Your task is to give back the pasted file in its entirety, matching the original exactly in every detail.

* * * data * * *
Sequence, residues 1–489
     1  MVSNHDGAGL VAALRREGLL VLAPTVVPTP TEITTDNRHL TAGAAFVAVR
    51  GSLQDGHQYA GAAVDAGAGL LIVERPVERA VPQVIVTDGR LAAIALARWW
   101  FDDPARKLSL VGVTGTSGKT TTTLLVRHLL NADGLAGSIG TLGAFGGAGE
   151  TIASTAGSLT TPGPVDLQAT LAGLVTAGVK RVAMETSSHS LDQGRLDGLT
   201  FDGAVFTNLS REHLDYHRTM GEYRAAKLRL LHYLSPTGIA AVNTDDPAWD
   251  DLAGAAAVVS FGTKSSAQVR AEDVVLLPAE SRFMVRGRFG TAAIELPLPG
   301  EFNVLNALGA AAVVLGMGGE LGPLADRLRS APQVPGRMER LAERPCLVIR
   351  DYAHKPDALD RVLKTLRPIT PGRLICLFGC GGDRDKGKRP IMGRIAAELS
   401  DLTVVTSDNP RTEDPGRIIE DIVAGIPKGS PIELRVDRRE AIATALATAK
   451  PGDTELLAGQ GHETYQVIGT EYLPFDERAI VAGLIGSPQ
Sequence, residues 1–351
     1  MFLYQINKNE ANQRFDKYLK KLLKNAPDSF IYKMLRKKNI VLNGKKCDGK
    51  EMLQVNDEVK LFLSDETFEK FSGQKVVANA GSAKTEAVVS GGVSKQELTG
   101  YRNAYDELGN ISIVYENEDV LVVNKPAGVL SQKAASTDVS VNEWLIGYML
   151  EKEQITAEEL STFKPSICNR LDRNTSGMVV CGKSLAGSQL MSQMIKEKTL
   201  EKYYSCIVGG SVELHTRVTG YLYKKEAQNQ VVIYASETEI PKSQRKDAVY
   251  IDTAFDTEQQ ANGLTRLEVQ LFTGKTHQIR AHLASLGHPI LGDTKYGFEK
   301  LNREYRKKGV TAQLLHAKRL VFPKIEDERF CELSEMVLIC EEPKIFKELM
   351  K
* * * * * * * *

Sequence, residues 1–489
     1  MVSNHDGAGL VAALRREGLL VLAPTVVPTP TEITTDNRHL TAGAAFVAVR
    51  GSLQDGHQYA GAAVDAGAGL LIVERPVERA VPQVIVTDGR LAAIALARWW
   101  FDDPARKLSL VGVTGTSGKT TTTLLVRHLL NADGLAGSIG TLGAFGGAGE
   151  TIASTAGSLT TPGPVDLQAT LAGLVTAGVK RVAMETSSHS LDQGRLDGLT
   201  FDGAVFTNLS REHLDYHRTM GEYRAAKLRL LHYLSPTGIA AVNTDDPAWD
   251  DLAGAAAVVS FGTKSSAQVR AEDVVLLPAE SRFMVRGRFG TAAIELPLPG
   301  EFNVLNALGA AAVVLGMGGE LGPLADRLRS APQVPGRMER LAERPCLVIR
   351  DYAHKPDALD RVLKTLRPIT PGRLICLFGC GGDRDKGKRP IMGRIAAELS
   401  DLTVVTSDNP RTEDPGRIIE DIVAGIPKGS PIELRVDRRE AIATALATAK
   451  PGDTELLAGQ GHETYQVIGT EYLPFDERAI VAGLIGSPQ
Sequence, residues 1–351
     1  MFLYQINKNE ANQRFDKYLK KLLKNAPDSF IYKMLRKKNI VLNGKKCDGK
    51  EMLQVNDEVK LFLSDETFEK FSGQKVVANA GSAKTEAVVS GGVSKQELTG
   101  YRNAYDELGN ISIVYENEDV LVVNKPAGVL SQKAASTDVS VNEWLIGYML
   151  EKEQITAEEL STFKPSICNR LDRNTSGMVV CGKSLAGSQL MSQMIKEKTL
   201  EKYYSCIVGG SVELHTRVTG YLYKKEAQNQ VVIYASETEI PKSQRKDAVY
   251  IDTAFDTEQQ ANGLTRLEVQ LFTGKTHQIR AHLASLGHPI LGDTKYGFEK
   301  LNREYRKKGV TAQLLHAKRL VFPKIEDERF CELSEMVLIC EEPKIFKELM
   351  K